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We were also able to try on ghos and kiras, the traditional dress for men and women respectively. This brought even more attention our way, especially when we went to prayer with the students. We left ILCS with bittersweet feelings after a rousing cultural show, put on by us and the Bhutanese students. Next stop was the College of Natural Resources (CNR). Like ILCS, CNR is a part of the Royal University of Bhutan, headquartered in Thimpu, the capital. CNR is located in Punakha at a lower elevation than ILCS and surrounded by more infrastructure (ILCS was on top of a hill with more or less nothing around it). Before getting to CNR we made a stop at the most beautiful dzong in all of Bhutan (and the world). A dzong is a fortress, and this is the second one we visited up to this point in our journey west. This particular dzong is significant not only because of its grandeur, but in more recent history it is the place of the 5th (and current) king of Bhutan’s wedding. He and his wife are some of the most beautiful people on the planet – picture a Bhutanese Elvis and Mulan, and you’ve got them. Another fun fact about this dzong is that it was built without a single nail. Like other traditional Bhutanese architecture, this dzong is built out of timber from the surrounding forests, stone, and mud. Houses and dzongs are well built and, according to multiple people, will stand for 80-120 years if treated well. 

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Walking down the main walkway of CNR (it is very small). 

 

During our 5 days at CNR we had more lectures ranging from the importance of chillies in the Bhutanese diet (very important, by the way), to the significance of chicken in Bhutanese culture. On one day we ventured to a monastery that provided us with a great view of the gorgeous, emerald terraced fields and the river at their feet. 

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I even managed to make it into a picture…

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That same day we had a little excursion to a local village where we were able, with the help of CNR students, to ask questions for mini research projects we are undertaking while in Bhutan. I am most interested in Bhutanese architecture and the social and environmental implications of such building, so I made sure to take pictures of a house under construction. This is the traditional method with locals helping to build in exchange for food and a local carpenter who was trained through observation and a master-apprenticeship style. (If you are interested, ask me more about this. I have too much to write here.)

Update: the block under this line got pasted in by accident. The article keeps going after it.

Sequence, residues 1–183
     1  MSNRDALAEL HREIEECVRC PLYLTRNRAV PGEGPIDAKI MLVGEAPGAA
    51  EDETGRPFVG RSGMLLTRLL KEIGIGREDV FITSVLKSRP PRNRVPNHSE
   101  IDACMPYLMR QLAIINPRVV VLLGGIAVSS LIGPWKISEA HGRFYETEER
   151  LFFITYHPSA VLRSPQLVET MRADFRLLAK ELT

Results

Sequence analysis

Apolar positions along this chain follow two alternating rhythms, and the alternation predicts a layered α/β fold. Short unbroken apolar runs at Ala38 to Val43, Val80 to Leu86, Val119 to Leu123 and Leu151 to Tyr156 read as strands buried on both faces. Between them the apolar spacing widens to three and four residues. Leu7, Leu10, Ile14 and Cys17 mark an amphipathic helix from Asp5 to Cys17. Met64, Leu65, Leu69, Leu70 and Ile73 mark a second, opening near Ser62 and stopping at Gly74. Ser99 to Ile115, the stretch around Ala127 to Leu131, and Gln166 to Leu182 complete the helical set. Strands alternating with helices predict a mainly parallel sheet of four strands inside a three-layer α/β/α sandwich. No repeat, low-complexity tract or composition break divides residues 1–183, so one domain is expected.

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This is an example of a finished house, supposedly 50 years young. 

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Finally, before leaving CNR, we made a point to explore the phallic culture in Bhutan. To clarify, the obsession with phalluses in Bhutan is derived from the popular saint of Bhutan named Drukpa Kunley, who, as the story goes, subdued many demons (and women) with his “thunderbolt.” Thus, the “thunderbolt” is painted on buildings and placed strategically on houses and other buildings as a sign of protection and fertility. We were lucky enough to visit his temple and be blessed by a bow and arrow and a large wooded phallus. As the joke goes, Bhutan is the land of dzongs and dongs. These pictures are for real, but may not be suitable for all audiences…

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But despite the phallus art, we did see more beautiful fields and had an enjoyable, yet very humble, stay at CNR. The next day we left for Thimpu, the capital. This is stop number 5 on our map. We will be here, in rooms pictured below, until Sunday, March 23. From here we go to Paro(6) again to visit the Paro College of Education and explore a little more. The city is amazing and we are having a blast. We have met some very intelligent people who have helped all of us explore our interests more than we could have imagined. From Paro we will return to Kathmandu for out last official week of class before we all part ways to conduct our Independent Research Projects in various locations. There will be much more to come on that. 

 

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I know this was quite long-winded, but I hope the pictures served as an aloe to the burn of my logorrhea (lots of word or word-vomit, if you will). Thank you once again for reading and please let me know what you think. All the best and I will update with more soon!